This area back here looks a mess.  We've had straw, shredded paper grocery bags, and dead leaves all over these beds.  Nice thing is all that was slowly rotting into the raised beds.  One other task we had last week was to shovel out all the old mulch in between the beds and throw it into the beds themselves.  This stuff had rotted down to almost nothing so it has made the soil ultra rich.

 This is what remains after our makeshift greenhouse came down.  We've got Red Russian Kale, some sort of green that hubby and I cannot for the life of us, figure out what it is along with purple kohlrabi, leeks, onions, and mesclun.  Without that greenhouse a good portion of this would've never made it through the winter so I'm grateful that at least we had it for a bit.
GARLIC!!!  30 PLANTS (hubby later told me he counted just to see how much we actually have)  I cannot wait till late May early June when we'll get garlic scapes!  Just a FYI, if you want/use garlic scapes then you have to purchase the roughneck garlic.  Not the softer variety.  In my book, roughneck is better simply because I get two harvests out of the same plant.  Nice.

Here we have emptied the rows between raised beds of all the rotted down mulch, then we added a layer of newspaper and then piled new fresh mulch on each row. 


A few other surprises. Our worms actually survived the winter in our makeshift greenhouse!  Wow!  I mean really, I didn't expect that!  So this Spring we are starting with about 500+ red wigglers and loads and loads of eggs that we went through yesterday.  I should contact Mike Rowe from Dirty Jobs to see if he'd like this one.  Very slimy job, going through composted remains and looking for worms and eggs.  We got half our container done.  Next weekend we'll try going through the rest.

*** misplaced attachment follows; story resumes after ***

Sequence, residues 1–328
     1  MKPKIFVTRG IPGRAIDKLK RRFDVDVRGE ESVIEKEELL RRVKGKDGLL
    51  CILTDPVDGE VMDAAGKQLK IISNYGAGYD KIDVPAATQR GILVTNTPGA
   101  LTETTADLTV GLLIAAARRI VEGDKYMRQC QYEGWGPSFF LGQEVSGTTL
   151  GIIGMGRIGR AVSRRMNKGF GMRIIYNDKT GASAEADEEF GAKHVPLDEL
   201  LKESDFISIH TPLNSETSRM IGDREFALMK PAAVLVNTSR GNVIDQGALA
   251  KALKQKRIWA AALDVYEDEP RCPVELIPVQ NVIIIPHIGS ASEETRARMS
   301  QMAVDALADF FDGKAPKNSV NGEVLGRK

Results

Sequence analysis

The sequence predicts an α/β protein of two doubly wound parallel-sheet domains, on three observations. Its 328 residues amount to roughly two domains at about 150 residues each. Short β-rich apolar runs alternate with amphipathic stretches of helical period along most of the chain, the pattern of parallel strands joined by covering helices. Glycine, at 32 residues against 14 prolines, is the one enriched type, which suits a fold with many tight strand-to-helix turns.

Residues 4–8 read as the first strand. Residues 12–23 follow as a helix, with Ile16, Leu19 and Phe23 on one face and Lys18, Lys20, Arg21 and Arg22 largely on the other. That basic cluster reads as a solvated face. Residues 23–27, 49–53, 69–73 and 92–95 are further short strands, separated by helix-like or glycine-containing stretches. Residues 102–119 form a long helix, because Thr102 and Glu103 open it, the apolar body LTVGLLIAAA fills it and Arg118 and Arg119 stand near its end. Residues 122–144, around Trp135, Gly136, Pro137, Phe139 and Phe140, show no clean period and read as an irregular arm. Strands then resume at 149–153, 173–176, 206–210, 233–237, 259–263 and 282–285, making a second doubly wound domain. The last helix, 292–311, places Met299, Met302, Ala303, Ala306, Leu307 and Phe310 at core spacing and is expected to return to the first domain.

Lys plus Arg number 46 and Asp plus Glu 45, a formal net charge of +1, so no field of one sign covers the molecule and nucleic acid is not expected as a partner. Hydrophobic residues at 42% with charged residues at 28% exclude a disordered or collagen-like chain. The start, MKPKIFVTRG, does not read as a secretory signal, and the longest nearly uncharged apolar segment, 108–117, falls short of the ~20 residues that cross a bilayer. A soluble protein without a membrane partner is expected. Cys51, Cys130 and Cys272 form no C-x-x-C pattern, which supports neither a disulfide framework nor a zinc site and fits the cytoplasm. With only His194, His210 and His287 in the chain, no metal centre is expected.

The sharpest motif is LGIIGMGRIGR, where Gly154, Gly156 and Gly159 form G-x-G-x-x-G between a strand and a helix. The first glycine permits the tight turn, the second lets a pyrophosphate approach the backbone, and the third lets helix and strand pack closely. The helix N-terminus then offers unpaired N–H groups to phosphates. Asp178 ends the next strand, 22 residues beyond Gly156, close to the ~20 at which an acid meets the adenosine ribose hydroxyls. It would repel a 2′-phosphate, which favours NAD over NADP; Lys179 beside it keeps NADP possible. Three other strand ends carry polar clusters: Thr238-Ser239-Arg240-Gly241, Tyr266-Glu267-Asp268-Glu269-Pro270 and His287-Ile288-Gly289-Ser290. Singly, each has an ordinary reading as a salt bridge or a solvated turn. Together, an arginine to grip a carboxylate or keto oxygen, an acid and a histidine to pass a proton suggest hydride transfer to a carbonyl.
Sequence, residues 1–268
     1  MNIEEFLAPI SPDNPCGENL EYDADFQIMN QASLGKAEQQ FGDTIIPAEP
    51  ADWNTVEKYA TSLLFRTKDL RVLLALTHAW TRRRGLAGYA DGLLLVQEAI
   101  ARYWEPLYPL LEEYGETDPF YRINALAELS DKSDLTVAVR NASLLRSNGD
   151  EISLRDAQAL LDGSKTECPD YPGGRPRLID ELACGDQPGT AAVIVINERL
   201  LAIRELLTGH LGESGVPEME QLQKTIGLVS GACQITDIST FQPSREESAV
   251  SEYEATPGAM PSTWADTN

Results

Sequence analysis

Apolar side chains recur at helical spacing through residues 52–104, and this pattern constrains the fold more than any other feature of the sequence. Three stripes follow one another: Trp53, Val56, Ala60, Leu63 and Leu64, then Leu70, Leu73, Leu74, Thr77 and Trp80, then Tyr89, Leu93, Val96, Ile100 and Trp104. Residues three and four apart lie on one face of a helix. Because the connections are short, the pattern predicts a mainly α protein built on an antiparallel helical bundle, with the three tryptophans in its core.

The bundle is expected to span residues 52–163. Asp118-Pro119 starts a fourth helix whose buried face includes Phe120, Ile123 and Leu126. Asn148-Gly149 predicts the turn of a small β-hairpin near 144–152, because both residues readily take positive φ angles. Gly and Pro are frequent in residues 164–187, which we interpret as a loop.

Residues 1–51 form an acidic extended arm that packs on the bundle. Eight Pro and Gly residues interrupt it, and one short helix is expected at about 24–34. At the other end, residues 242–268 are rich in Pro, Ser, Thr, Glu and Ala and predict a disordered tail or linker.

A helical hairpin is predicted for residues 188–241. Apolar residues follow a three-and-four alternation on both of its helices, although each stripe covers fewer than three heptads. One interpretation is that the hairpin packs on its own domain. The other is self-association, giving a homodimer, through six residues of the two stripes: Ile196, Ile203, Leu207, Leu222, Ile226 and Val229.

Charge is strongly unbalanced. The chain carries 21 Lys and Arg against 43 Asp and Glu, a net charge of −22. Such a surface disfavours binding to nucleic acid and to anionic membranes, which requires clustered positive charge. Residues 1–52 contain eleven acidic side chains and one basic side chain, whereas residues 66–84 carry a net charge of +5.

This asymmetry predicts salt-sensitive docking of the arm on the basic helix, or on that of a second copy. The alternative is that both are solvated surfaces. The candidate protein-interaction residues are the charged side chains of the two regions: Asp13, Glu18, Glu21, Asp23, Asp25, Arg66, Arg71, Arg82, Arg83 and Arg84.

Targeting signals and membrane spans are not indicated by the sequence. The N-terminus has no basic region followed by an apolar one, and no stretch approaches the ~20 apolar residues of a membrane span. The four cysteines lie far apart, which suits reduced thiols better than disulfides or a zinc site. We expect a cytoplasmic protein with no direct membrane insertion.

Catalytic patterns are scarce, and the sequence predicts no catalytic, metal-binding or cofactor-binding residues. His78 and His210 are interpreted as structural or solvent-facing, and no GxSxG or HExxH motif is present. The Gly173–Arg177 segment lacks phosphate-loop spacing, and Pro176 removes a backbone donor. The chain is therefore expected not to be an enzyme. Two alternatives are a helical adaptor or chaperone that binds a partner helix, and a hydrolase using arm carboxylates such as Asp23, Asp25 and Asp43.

Another surprise, our potted Lavender, mint, lemon balm are all coming back.  Guess this winter wasn't hard enough to kill them.  Nice.  I won't have to buy any more this spring!




Well, it's time for me to run.  Tonight we're actually having one of our blue hubbardtwo meals.  Tonights cheese fondue and Wednesdays Hubbard squash casserole.
Hubbard Squash Casserole
2 lbs. Hubbard squash, peeled and diced
1/2 cup soaked and cooked brown rice
1 cup grated mozzarella cheese
4 tablespoons bulghur flour
3 cloves of garlic, finely chopped
5 tbsp fresh thyme, finely chopped
salt and pepper
4 oz. fresh bread crumbs
coconut oil
Toss all the ingredients except the bread crumbs and oil until the squash is well coated. Put in a well-oiled casserole dish and cover with breadcrumbs. Drizzle with oil and bake at 325 degrees until deep caramel brown, about 30 minutes.

We've got one more squash to use which might be used in a soup. Not certain yet. As it stands we've got lots to use up before things really start to produce again. Tomatoes, beets, pickles, jams and jellies, chutney, etc etc. Tomorrow we're using up our dried corn, potatoes, carrots, some bell pepper and a bit of a ham hock in our crockpot to make corn chowder.
That with a nice fresh salad, some cornbread that I made last night should make a nice meal. Oh and the leftover strawberry rhubarb pie that I made last year should be a nice touch as well.